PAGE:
A good test of public stewardship occurs when $2 million accumulates in a bank account. What happens when competing interests reach for the cash?
Such a scenario played out recently in Kansas City, Missouri. Elements of the story include a porn shop and an accusation that a lawyer at a prestigious firm misbehaved.
I mention the $2 million at the outset because it's a nice, round, attention-getting number. But it's a MacGuffin, the term Hitchcock used for plot-driving objects of desire — jewels, a secret code — that become less interesting as the drama unfolds.
For me, the fate of the $2 million is incidental. The real fun concerns a development agency that receives city funding but acts at times in its own best interest.
Our story begins in 1994. It was a time when the city began deploying an incentive program for developers, tax-increment financing (TIF), with increasing frequency.
A TIF plan sets aside money for developers who venture into blighted or distressed areas. The money comes from the increase in taxes generated once the developer finishes the project proposed at the inception of the TIF district.
The City Council created the 43rd and Main TIF plan in 1994. The plan subsidized an expansion of H&R Block's headquarters in midtown. It also assisted with the development of the Office Depot at 42nd Street and Main.
The 43rd and Main plan is unique in that its principal beneficiary, H&R Block, stopped asking the TIF Commission for money. In fact, the tax-preparation company eventually left midtown for a different TIF district inside the downtown loop.
With H&R Block out of the picture, money began to pile up in what's called a "special allocation fund," an account used to reimburse developers for certain costs they incur while removing blight.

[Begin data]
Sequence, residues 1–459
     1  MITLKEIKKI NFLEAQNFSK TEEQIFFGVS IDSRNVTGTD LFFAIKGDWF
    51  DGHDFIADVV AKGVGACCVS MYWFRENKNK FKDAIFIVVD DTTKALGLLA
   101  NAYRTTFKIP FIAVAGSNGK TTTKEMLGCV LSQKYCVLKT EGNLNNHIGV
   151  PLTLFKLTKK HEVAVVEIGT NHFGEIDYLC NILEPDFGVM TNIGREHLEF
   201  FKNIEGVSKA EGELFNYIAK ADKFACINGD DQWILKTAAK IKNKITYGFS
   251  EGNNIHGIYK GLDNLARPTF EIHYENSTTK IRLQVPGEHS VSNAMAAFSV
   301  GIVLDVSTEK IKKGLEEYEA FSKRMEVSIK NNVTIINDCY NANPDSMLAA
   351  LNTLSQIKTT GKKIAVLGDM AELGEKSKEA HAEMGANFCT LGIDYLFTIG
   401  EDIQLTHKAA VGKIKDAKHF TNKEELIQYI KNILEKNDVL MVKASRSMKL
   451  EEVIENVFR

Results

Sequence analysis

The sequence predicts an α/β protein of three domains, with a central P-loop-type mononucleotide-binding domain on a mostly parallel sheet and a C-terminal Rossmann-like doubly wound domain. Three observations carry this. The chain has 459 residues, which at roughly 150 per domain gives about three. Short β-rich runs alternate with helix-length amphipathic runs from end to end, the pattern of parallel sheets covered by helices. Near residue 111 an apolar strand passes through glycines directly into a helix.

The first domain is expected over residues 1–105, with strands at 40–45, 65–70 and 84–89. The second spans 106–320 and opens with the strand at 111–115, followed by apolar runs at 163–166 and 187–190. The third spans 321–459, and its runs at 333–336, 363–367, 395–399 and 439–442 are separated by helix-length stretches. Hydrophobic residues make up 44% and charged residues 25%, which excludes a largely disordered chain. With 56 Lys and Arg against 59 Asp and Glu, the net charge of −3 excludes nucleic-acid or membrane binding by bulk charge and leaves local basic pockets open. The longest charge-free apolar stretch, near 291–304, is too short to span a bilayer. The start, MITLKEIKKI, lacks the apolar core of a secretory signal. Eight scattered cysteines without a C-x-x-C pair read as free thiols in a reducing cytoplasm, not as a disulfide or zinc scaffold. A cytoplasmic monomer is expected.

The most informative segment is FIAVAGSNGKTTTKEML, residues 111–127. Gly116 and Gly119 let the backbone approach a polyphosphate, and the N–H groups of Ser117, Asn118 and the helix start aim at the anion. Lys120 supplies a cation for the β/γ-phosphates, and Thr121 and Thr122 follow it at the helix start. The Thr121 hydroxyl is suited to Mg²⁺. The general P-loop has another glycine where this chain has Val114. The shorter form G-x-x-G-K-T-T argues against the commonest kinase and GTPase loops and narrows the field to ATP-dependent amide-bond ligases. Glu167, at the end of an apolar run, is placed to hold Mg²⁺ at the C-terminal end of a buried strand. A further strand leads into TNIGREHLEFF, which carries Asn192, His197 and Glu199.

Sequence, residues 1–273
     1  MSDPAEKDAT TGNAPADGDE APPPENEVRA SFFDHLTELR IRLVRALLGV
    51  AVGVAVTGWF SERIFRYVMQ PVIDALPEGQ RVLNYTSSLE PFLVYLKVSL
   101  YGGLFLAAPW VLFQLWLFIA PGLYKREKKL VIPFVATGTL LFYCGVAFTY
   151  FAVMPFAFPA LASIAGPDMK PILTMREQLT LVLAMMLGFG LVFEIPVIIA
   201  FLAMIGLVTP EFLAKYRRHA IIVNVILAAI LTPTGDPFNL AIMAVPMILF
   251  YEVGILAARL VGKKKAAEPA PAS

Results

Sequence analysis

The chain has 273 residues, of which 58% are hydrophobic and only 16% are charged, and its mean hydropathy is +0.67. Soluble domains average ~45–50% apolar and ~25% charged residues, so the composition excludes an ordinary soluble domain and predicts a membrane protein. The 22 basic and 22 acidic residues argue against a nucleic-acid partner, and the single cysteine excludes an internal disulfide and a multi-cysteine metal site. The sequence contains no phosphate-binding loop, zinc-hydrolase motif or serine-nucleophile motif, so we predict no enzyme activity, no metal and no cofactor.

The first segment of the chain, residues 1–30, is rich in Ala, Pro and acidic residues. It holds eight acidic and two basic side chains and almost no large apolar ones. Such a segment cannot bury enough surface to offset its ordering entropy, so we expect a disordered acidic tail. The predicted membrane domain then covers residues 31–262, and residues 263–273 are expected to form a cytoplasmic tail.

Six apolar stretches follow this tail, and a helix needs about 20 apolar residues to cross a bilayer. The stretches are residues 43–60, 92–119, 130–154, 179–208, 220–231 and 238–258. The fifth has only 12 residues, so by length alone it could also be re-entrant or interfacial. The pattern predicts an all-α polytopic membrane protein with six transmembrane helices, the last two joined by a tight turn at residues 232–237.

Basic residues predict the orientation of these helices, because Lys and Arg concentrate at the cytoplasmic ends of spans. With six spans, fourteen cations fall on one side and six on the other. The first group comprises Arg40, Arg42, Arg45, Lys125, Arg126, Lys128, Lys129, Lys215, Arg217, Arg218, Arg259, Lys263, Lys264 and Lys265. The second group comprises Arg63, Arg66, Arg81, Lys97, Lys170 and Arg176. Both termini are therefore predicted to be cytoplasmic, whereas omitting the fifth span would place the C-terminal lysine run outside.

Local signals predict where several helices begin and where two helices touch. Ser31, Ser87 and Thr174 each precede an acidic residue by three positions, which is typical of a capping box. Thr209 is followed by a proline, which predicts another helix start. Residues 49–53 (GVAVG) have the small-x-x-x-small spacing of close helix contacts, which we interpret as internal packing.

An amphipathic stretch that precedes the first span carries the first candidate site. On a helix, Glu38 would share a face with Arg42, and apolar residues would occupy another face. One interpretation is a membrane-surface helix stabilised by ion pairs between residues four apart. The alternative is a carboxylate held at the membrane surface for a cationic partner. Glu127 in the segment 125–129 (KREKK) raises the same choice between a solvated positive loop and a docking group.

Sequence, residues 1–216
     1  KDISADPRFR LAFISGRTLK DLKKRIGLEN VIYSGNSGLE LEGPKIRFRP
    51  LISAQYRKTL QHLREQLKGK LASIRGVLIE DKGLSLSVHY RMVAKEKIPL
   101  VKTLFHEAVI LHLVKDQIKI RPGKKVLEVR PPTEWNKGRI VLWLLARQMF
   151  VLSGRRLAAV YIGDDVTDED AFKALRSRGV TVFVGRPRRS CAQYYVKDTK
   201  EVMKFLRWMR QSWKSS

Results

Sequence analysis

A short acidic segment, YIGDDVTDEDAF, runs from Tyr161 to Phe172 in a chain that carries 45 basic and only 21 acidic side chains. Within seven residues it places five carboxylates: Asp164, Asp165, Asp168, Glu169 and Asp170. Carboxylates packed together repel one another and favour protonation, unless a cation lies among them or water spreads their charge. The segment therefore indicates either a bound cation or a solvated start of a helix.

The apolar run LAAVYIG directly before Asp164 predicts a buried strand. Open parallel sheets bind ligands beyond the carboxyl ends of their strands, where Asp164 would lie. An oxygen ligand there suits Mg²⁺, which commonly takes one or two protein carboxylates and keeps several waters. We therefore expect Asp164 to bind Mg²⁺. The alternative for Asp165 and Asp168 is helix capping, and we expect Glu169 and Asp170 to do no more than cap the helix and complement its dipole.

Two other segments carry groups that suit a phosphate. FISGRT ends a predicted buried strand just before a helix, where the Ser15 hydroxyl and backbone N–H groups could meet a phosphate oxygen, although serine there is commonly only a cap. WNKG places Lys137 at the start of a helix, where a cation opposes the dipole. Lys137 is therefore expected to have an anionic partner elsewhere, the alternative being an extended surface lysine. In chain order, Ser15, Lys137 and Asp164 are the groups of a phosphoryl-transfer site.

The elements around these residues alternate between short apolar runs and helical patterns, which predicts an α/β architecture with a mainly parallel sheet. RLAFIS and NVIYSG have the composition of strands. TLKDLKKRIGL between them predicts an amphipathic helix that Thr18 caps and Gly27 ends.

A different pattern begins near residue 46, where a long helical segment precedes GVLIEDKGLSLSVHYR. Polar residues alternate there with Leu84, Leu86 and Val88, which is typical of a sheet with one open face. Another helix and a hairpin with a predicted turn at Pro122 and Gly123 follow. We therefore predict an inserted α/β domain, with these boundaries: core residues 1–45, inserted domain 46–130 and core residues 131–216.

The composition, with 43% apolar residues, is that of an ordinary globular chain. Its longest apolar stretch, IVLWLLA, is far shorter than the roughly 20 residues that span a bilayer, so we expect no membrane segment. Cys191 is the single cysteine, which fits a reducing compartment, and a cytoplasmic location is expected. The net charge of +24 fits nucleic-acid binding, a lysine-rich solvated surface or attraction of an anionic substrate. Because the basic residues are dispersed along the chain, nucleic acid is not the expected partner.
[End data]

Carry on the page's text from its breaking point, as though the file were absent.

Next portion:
Some of the money went toward a housing program in the Southmoreland neighborhood. One amendment to the plan earmarked $1.4 million in matching dollars for low-income homeowners looking to make repairs.
A group that purchased the Hawthorn Plaza, a beleaguered Section 8 apartment building at 39th Street and Main, came forward with another amendment. The developers asked the TIF Commission for money to offset some of the costs necessary to delouse and re-tenant the Hawthorn.
The TIF Commission is a somewhat peculiar animal in that it's largely controlled by City Hall, yet its decisions affect county government and other taxing jurisdictions. A TIF more or less freezes property taxes, damaging the ability of school and library systems to fund their operations.
In the past year or so, the taxing jurisdictions have become more assertive. Their complaints, about plans being constantly amended to include new projects, contributed to the TIF Commission's rejection of the Hawthorn group's proposal. (The TIF Commission did agree to purchase the adjacent Naughty But Nice bookstore with the intention of transferring ownership to the Hawthorn guys once they got their financing in order.)
With the Hawthorn group turned away, negotiations began over the $2.2 million surplus that had built up in the 43rd and Main account.
The Southmoreland Neighborhood Association and MainCor, a nonprofit that works to enhance development along Main Street, wanted money for the housing program and to improve sidewalks and streetscapes. The taxing jurisdictions wanted to see the TIF plan end and its surplus dispersed to them.
A proposal came before the TIF Commission on February 11. The amendment allocated roughly $2 million for housing, sidewalks and streetscaping. It also provided $125,000 to demolish Naughty But Nice.
The proposal, which essentially drained the surplus, upset the taxing jurisdictions. Calvin Williford, an aide to Jackson County Executive Mike Sanders, noted at the February meeting that the Southmoreland housing program had received funding in a previous amendment. He then accused the TIF Commission staff of instructing the neighborhood group to inflate its request.